There's a scene in Trouble, Lisa Andersen’s new film, where, over archival footage of her surfing Huntington Beach as a teen, she reflects on her early days as a competitive surfer. Andersen says: “I wanted to surf as good as the guys.” And here's the thing: Andersen did surf as good as the guys, but she surfed in her own way – as a woman – too.
Andersen was always every bit as strong and powerful as her male counterparts in the water, but watching Trouble at the London Surf Film Festival I was reminded that her style is also feminine and graceful; the way she moves along the waves is more like a dance with the ocean than an attack.
Andersen revolutionised what it meant to surf like a girl and crushed stereotypes both in and out the water, and I was lucky to have her as a role model when I was a kid.
I grew up in a small town in Devon, away from mainstream surf culture and most of the surfers I saw around me were 40-year-old men. When my elder sister and I bought surf mags, we would scour the pages to find photos of women surfing – for something we could relate to – and were frequently disappointed that the only trace of women was the backsides of Reef girls.
While I was still playing in baby waves, Andersen had just won her fourth world title. She had already become the first woman to appear on the cover of Surfer Magazine and was the face of the first ever women’s surf brand, Roxy, who were later to become my surf sponsor too. I felt inspired by Andersen and looked up to her as a pioneer. When Andersen won world titles and broke down barriers, she changed the surfing industry for us all, helping young women like myself to break through. Without her, I suspect titles such as Surf Girl Magazine, which launched the year I turned 15 and won my first British title, may never have been launched.
When I was 16, I was fortunate enough to surf with Andersen for the first time at Namotu Left in Fiji. I was nervous. I’d never surfed a reef like this before or been in tropical waters, but she paddled out with me and sat next to me in the empty line up, calling me into waves and hooting. She was there with her daughter, Erica, and it blew my mind that she could be both a mother and a professional surfer at the same time. Andersen was writing her own script.
Trouble takes us on a raw and honest journey deep into Andersen's all too relatable life story; broken homes, abusive relationships, female rivalries, the realities of being a mother and trying to retain a career. We learn how her parents disapproved of her ambitions and how she ran away from home at 16, leaving a note saying “gone to win a win world title.” Watching her story, I felt gratitude that she had the power to share it all with such candour.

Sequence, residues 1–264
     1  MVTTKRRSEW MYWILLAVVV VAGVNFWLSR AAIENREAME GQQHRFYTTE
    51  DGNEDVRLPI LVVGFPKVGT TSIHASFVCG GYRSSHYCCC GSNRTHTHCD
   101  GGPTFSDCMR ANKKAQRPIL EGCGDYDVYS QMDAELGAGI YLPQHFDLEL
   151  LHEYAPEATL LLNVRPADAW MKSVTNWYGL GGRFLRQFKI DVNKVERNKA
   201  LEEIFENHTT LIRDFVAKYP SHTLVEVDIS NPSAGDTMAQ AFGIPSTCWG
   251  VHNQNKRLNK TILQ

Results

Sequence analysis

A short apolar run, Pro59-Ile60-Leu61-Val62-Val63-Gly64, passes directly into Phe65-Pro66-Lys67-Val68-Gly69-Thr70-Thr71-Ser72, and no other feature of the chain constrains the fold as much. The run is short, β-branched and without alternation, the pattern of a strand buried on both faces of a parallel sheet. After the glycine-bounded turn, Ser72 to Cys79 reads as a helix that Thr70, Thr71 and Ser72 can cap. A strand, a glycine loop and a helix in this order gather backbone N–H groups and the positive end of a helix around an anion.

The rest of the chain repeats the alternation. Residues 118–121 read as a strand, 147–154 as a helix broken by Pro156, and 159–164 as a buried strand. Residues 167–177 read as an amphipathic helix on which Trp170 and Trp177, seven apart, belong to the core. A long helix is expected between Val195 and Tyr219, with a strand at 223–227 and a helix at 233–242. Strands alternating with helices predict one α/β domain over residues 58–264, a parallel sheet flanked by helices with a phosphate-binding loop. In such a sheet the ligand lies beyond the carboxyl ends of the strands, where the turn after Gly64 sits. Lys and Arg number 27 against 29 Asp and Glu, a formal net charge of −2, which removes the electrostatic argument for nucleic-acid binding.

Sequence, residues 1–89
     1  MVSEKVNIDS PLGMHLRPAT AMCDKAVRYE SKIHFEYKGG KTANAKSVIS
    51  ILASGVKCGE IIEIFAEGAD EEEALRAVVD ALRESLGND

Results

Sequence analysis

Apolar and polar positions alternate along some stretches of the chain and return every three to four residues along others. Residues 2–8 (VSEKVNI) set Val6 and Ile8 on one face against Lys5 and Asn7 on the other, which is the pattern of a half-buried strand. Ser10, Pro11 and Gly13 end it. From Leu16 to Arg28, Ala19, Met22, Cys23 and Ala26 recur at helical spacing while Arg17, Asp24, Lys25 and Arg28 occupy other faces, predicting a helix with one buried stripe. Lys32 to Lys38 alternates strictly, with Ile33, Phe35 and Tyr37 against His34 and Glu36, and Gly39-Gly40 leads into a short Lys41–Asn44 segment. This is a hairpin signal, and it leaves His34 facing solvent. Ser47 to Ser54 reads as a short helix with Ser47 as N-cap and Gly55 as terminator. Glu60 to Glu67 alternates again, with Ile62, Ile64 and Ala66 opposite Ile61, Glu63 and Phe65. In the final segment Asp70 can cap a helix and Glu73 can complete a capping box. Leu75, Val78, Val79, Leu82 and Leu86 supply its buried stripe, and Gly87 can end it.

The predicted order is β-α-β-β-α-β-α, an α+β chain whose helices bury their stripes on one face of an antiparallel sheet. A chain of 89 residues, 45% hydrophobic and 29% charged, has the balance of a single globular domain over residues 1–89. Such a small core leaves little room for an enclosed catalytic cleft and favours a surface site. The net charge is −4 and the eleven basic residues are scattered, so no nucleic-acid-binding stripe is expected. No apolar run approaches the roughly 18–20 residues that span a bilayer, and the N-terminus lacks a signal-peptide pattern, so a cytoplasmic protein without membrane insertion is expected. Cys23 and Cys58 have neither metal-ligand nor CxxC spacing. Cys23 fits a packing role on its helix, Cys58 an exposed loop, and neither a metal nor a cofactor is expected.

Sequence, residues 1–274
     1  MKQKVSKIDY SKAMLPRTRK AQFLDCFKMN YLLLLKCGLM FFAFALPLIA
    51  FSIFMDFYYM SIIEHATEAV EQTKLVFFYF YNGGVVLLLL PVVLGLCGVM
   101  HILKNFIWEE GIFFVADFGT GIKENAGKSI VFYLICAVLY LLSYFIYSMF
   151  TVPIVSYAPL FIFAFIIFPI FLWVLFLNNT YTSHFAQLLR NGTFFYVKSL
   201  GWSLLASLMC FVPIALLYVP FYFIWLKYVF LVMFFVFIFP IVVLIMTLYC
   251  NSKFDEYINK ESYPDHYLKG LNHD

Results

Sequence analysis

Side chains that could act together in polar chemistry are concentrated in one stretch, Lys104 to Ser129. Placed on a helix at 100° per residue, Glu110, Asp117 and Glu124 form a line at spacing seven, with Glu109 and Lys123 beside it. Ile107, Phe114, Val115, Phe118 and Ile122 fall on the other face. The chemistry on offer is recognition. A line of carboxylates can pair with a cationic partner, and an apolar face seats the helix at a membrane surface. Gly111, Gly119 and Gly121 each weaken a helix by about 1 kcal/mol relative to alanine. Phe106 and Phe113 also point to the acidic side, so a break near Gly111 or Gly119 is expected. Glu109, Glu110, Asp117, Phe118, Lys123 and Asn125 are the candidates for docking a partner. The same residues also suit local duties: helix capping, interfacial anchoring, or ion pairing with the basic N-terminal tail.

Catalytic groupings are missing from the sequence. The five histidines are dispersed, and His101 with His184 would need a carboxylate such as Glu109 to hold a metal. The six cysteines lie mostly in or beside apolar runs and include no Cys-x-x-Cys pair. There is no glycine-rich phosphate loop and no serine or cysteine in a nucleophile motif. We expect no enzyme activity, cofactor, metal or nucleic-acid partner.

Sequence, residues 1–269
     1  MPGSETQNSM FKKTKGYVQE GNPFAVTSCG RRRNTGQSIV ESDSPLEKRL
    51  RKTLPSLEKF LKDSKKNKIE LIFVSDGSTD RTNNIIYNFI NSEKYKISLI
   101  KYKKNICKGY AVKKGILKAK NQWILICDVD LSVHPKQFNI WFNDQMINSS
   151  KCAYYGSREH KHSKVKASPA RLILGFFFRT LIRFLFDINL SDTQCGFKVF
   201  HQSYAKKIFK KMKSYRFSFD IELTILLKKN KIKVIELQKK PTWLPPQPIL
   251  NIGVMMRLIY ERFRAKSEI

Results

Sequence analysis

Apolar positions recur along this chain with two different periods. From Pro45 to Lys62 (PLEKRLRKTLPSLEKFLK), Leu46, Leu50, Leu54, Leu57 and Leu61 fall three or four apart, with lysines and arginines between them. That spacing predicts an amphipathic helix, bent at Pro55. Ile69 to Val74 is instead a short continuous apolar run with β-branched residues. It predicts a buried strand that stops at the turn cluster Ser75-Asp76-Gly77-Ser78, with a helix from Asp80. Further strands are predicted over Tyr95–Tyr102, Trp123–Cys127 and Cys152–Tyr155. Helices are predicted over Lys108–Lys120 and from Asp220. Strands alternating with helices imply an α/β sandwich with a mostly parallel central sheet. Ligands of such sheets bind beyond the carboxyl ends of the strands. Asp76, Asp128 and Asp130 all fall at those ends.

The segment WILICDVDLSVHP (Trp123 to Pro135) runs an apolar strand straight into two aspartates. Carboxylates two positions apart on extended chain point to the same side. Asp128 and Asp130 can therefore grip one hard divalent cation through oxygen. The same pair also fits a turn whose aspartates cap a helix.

Similarly, Surf Girls Jamaica, which won Best British Film 2018 at the London Surf Film Festival, digs deep into the story of Imani Wilmot, a talented 28-year-old Jamaican surfer who made the podium at every surf contest she competed in for almost a decade.
Rather than focus on her undoubted ability in the waves, the film's directors, Lucy Jane and Joya Berrow, train their lenses on Wilmot's struggles as a woman in a challenging, patriarchal Jamaican culture where she has had to fight for her place as a surfer. Wilmot received no major sponsorship or media attention, despite her evident talents, and has remained relatively hidden from view.
"Black women’s stories are not represented in the surf industry, so we wanted to tell a story that humanised this issue but was still hugely empowering for the characters and global community of black female surfers," says Berrow.
"Imani spoke to us about how especially important it is for black women to have role models because historically black people were discouraged from or had a lack of access to entering the sea, the pools or learning to swim. Even nowadays, black women need role models to show them it’s ok to get into the water, to connect to nature in this way and to show them how therapeutic it can be.”
The film explores how Wilmot has created a safe space for fellow Jamaican women to learn to surf, affording them the kinds of opportunities she never had herself.
"What is so incredible about Imani is that she is using surfing as a social tool, to get the women in her community into surfing so that they can find the peace that they need though the sport and see a place for themselves within it. She is one hell of a role model!"
It's rare for us to see women represented in surfing films with such detail, positivity and compassion, as achieved in both Trouble and Surf Girls Jamaica. By documenting women's stories in this manner I feel that surfing culture can become more healthy, empowering and diverse. I really value documentary makers like Berrow and Jane who are reframing the narrative to amplify the voices of women.
Indeed, there are a whole world of female surfers out there breaking down barriers, not to mention surfers of different races and religions, surfers with disabilities, surfers from the trans and non-binary communities, surfers in conflict war zones and impoverished communities – all of whom would make great subjects for documentaries. Through the telling of their stories I think that new inspiring role models will emerge.
I really believe that what we see, we can be. Without my sister, Andersen and those early editions of Surf Girl Magazine, I would never have believed that I could be a surfer too.
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